Digital Economy Act 2010 and website blocking [Archived]

The following TMT practice note provides comprehensive and up to date legal information covering:

  • Digital Economy Act 2010 and website blocking [Archived]
  • The DEA 2010 and copyright infringement
  • Procedure for reporting infringements to ISPs
  • Draft Initial Obligations Code—2012
  • Government preference for an industry-led model instead of practical implementation of the DEA 2010
  • Anti-infringement measures and costs
  • Judicial review and appeal—BT and TalkTalk
  • Website blocking
  • Section 17 and website blocking injunctions
  • The future of the DEA 2010

Digital Economy Act 2010 and website blocking [Archived]

ARCHIVED: This archived Practice Note provides information on the Digital Economy Act 2010 and early s 97A website blocking. This Practice Note is for background information only and is not maintained. For information on website blocking, see Practice Note: Website blocking orders.

The Digital Economy Act 2010 (DEA 2010) received Royal Assent on 8 April 2010, with many of the applicable provisions relating to combatting online copyright infringement in order to reduce unlawful file sharing, supposed to come into force on that date or in June 2010. The DEA 2010 inserts new sections 124A to 124N in the Communications Act 2003 (CA 2003) which, once a supporting code approved or made by Ofcom has been put in place, impose obligations on Internet service providers (ISPs) who meet the criteria set out in the code. The obligations will be underpinned by a code approved by Ofcom or, if no industry code is approved, made by Ofcom. The code will set out in detail how the obligations must be met.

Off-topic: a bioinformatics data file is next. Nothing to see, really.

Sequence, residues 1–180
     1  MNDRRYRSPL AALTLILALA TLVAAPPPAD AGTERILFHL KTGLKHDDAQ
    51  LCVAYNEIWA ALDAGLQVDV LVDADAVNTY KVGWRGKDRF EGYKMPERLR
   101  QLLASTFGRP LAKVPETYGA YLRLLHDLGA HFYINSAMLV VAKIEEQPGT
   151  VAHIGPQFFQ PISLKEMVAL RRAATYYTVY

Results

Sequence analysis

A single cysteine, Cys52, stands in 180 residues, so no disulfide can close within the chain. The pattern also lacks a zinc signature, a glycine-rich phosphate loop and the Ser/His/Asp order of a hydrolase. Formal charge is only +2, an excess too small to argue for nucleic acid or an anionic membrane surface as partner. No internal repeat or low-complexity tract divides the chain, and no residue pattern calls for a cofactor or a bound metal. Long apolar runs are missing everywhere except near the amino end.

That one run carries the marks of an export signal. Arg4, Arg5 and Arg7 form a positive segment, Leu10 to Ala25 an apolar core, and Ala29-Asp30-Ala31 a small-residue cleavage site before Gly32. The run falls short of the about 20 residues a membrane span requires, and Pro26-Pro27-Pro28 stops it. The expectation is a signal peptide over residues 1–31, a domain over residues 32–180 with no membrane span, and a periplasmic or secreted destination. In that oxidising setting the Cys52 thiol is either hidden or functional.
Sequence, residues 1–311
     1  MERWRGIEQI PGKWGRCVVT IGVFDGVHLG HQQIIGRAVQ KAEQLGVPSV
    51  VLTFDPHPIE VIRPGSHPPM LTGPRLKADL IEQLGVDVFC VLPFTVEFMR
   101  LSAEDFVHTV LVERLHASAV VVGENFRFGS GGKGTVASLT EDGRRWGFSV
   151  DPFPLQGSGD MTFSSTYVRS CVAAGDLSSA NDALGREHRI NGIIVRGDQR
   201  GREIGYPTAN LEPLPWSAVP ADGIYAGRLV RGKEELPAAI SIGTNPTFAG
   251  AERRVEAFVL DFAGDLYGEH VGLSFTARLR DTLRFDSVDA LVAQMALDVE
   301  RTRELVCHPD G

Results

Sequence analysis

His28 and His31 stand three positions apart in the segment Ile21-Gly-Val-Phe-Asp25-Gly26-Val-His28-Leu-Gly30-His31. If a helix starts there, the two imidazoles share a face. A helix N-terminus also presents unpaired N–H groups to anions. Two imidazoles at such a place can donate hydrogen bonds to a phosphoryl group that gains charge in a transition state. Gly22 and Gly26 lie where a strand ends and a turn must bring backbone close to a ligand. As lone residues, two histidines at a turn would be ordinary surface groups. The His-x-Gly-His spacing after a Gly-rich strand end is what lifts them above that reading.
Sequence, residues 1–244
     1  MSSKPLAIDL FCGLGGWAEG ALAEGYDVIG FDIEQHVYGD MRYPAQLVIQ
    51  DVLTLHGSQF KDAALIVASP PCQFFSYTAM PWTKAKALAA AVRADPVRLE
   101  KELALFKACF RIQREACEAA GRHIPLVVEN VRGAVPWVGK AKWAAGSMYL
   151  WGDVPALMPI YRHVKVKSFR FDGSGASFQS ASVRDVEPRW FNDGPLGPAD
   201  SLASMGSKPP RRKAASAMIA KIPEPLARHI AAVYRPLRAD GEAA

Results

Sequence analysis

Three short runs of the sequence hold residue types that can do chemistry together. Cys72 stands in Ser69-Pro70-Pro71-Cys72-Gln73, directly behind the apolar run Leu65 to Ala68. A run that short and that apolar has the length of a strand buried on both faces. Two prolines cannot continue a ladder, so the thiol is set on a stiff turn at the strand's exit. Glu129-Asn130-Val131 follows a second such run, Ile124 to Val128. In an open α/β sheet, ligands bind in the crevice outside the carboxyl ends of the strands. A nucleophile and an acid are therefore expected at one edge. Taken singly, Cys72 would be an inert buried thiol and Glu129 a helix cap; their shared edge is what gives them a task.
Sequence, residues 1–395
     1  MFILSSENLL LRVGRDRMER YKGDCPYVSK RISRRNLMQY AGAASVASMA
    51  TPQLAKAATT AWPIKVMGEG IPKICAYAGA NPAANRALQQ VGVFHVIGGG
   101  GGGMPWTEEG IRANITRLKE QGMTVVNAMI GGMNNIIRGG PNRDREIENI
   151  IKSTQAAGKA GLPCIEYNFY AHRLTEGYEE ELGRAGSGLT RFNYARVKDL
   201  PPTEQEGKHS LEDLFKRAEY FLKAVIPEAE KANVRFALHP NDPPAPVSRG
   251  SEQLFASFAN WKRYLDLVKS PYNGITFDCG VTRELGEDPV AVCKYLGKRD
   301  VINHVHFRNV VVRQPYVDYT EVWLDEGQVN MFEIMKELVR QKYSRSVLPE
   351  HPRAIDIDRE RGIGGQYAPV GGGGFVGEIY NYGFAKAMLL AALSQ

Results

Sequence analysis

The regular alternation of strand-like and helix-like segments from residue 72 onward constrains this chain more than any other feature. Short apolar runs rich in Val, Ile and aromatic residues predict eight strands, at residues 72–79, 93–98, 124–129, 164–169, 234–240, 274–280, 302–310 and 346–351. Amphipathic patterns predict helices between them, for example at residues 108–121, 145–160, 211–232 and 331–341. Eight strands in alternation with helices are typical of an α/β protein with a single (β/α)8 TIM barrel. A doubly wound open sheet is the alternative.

The DEA 2010 has received much criticism, especially in relation to the onerous obligations it intends to impose on ISPs to combat online piracy. These have been the subject of judicial review by BT and TalkTalk up to Court of Appeal level on the grounds that the DEA 2010 is not

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